[dropcap]K[/dropcap]enya has gone through one of its most strenuous elections yet. On August 8th this year, the country’s citizens came out, all and sundry, to vote for political parties and candidates of their choice. It was the culmination of months of our heated campaigns.
Like in all previous elections, truth was the biggest casualty this time round. Prior to the polls, the ruling Jubilee Party, and the opposing National Super Alliance, were engaged in a duel of misinformation, outright lies and the now ubiquitous fake news. The more the news sounded stranger than fiction, the more believable it was.
Apparently, both sides of the political divide employed “professional” propagandists who, I must say, did an impressive job. Really! The wars on both digital and electronic media were ruthless. The fake news, particularly in the former channel, was perfectly choreographed, duping many intelligent people to believing made up stories.
My foregoing sentiments seem to be supported by a recent report released by the European Union’s Election Observation Mission for Kenya. According to the preliminary statement titled, “Democratic commitment demonstrated by the people of Kenya, despite parties forceful criticism of key institutions”, there was a high number of well-produced false news items distributed on social media by political camps, targeting political rivals.
Due to a strict regulatory regime in the mainstream media, the war on misinformation shifted to social media. The ubiquitous Facebook and Twitter were awash with reports that, though stranger than fiction, appeared to have credence with a sizable following. The plausibility of such reports was determined by one’s standing on the political divide.
Due to lack of specifics, guidelines on the use of social media by the National Cohesion and Integration Commission and the Communication Authority of Kenya (CA) circulated in mid and late June, and later improved and released on July 13th, were largely ignored. The guidelines included requirements for “honesty and accuracy” in publications, and for providers to avoid “undesirable political content”.
States the report: “Social media provided important platforms for the exchange of information about the elections, but also appeared to reinforce inflammatory messages during the campaign. Social media provided important platforms for the exchange of information about the elections. A high number of well-produced false news materials was distributed on social media, reportedly in part by political campaigns to delegitimize political rivals”.
Moreover, inflammatory messages from political rallies were reinforced by party supporters through social media. Although violence did not feature prominently, journalists cited the need for self-censorship during the election period.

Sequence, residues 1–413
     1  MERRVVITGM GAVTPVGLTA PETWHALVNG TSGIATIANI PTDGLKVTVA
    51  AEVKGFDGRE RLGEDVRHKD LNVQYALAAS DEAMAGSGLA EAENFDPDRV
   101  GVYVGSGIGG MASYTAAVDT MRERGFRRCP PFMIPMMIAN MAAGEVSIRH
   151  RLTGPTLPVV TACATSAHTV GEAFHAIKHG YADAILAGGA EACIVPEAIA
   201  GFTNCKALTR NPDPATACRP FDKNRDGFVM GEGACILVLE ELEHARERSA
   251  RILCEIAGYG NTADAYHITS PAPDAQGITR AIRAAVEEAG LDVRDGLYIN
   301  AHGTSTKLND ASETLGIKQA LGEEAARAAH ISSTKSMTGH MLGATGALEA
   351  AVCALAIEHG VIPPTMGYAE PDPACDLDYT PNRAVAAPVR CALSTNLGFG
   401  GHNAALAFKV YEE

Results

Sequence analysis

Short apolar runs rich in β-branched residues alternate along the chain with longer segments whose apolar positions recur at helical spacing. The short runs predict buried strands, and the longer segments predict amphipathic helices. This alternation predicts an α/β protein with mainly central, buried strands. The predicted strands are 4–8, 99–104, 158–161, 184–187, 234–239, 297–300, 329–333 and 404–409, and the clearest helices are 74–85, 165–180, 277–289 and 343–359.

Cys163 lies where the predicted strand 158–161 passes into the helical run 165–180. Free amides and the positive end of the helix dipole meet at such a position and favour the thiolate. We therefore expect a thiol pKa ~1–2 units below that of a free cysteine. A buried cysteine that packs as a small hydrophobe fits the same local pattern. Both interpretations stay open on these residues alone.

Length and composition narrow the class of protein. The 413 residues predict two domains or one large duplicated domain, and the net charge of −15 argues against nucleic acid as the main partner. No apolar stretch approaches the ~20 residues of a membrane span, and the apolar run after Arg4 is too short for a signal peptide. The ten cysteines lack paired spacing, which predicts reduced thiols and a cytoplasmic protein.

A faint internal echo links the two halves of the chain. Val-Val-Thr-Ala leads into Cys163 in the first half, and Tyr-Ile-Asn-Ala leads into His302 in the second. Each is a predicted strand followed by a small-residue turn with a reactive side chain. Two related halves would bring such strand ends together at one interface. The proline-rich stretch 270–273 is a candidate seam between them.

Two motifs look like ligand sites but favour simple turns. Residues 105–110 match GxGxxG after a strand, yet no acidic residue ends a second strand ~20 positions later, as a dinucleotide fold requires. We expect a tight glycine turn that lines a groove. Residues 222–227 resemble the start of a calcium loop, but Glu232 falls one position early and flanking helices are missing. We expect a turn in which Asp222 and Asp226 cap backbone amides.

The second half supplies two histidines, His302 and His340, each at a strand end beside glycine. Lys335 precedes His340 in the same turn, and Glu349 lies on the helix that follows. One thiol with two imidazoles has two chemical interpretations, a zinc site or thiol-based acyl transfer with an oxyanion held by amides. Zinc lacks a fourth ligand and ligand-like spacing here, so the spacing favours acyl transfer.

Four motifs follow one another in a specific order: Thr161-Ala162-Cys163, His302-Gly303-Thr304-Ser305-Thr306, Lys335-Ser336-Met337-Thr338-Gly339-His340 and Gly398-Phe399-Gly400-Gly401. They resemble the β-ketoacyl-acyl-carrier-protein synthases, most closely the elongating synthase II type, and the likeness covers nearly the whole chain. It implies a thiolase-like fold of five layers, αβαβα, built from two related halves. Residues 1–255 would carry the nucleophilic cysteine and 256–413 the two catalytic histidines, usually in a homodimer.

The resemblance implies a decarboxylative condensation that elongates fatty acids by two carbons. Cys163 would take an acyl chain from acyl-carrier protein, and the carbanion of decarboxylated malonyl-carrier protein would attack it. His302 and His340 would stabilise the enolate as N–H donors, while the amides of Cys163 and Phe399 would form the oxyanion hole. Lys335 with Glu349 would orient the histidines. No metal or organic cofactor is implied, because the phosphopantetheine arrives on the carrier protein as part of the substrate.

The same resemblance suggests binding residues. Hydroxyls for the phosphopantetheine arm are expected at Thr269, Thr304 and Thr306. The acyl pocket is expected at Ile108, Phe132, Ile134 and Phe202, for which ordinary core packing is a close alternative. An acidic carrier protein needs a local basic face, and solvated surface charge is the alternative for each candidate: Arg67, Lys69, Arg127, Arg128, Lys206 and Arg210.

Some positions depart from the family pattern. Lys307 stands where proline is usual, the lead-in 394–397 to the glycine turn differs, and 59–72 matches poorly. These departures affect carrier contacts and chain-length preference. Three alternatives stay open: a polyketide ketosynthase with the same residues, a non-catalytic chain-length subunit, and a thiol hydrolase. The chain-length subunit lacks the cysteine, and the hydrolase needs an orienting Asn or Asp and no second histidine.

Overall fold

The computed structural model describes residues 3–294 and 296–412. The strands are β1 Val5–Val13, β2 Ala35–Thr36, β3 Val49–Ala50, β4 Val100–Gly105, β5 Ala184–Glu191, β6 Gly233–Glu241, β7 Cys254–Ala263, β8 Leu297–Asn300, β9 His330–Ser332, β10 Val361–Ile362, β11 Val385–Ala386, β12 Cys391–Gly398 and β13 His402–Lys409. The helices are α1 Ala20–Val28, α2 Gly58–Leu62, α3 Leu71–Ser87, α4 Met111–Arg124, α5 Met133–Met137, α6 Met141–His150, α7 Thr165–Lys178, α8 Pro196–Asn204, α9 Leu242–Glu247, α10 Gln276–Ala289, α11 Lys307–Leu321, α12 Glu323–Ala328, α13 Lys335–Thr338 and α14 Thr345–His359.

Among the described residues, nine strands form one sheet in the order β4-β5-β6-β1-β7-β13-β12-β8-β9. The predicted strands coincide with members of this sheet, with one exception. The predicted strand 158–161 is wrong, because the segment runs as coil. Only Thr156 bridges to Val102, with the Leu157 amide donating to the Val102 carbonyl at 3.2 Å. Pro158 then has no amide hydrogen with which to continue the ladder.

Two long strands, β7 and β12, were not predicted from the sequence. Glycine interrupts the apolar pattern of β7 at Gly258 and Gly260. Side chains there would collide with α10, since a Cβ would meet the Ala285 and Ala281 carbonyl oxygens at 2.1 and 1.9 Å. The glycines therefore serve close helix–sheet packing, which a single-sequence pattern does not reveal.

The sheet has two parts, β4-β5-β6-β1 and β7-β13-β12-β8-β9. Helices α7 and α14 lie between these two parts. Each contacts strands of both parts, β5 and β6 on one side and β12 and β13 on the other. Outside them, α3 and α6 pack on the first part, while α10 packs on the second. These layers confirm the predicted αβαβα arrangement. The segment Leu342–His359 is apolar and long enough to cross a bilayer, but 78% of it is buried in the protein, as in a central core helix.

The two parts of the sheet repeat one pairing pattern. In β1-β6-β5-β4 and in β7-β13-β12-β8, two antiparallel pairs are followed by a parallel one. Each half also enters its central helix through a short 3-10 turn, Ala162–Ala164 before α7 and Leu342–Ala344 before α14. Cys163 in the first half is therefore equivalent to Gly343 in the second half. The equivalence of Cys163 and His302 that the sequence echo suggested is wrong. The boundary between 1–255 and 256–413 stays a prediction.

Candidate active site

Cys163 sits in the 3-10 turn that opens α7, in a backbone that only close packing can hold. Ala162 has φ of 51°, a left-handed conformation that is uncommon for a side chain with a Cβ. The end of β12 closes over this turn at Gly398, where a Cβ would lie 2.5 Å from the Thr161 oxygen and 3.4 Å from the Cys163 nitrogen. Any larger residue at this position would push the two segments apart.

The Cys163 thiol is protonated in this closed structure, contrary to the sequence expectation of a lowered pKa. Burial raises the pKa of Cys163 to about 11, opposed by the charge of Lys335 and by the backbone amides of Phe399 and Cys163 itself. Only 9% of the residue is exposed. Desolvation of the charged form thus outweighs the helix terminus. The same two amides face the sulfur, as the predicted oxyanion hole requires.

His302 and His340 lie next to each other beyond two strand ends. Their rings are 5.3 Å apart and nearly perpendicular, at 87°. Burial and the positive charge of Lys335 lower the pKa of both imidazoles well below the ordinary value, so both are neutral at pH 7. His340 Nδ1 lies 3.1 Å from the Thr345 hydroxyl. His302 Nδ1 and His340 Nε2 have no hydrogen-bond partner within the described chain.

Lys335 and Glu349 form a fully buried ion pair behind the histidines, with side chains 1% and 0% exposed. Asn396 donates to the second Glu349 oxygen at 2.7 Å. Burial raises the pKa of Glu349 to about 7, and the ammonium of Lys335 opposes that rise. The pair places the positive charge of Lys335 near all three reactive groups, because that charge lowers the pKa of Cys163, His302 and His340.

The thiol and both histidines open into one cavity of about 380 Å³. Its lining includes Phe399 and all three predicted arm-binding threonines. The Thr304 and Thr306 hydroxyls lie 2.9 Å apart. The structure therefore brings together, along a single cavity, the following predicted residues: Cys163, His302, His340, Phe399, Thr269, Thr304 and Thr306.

Journalists also put limits on what they could say, as many worked for media houses with links to the political class.
On advertising, the report alleges the government used a carrot and stick stratagem to give undue advantage to government, or Jubilee friendly media. This was obviously manipulative since the threat of loss of revenue could have made some media less critical or independent than would otherwise be the case. Further, “many media adverts promoting the President’s and government’s successes raised questions about the misuse of public funds to the advantage of the incumbent”.
The EU report says the State, as well as private national media, allocated equitable shares of coverage to the key contestants. However, bias in favour of either of the leading political camps was noted in the vernacular radio stations.
Extensive paid media campaigns promoting successes of incumbents raised concerns about incumbent advantage. Journalists in several counties were threatened in connection with their reporting on political or election-related matters and stated that they commonly exercised self-censorship.
Concerns were also raised whether the country has effective data protection laws. This was due to suspicion that the government could have had gained unfettered access to citizen information through State institutions to help it profile its audiences.
Essentially, the media gave the bulk of coverage to the two main contestants due to the lack of wherewithal by the lesser ones. It was also unfortunate that the highly anticipated presidential debate did not take place, effectively denying voters an opportunity to compare the candidates.
My findings point to a more cautious mainstream media. This was as a result of a lot of training, particularly by the Media Council of Kenya, and threats of sanctions by a tough talking CA. No journalist wanted to trespass against the regulations and guidelines for electoral reporting.
But there is more work to be done. On September 1st, the Supreme Court of Kenya ruled that the presidential poll did not pass the strict integrity test. Consequently, the court ordered a repeat of the poll by November 1st.
This means that the media are back on the drawing board. Being an unprecedented event, not just in Kenya, but in the whole of Africa, the learning curve is long. The media must undergo intensive training by constitutional and electoral experts on what to discern in this novel process.
Misinformation will now happen out of omission, and not commission. With over 200 television and radio stations, including numerous daily and weekly publications, the onerous task of media monitors is cut out. They need to start early in order to have a grip of the current, emerging and expected issues.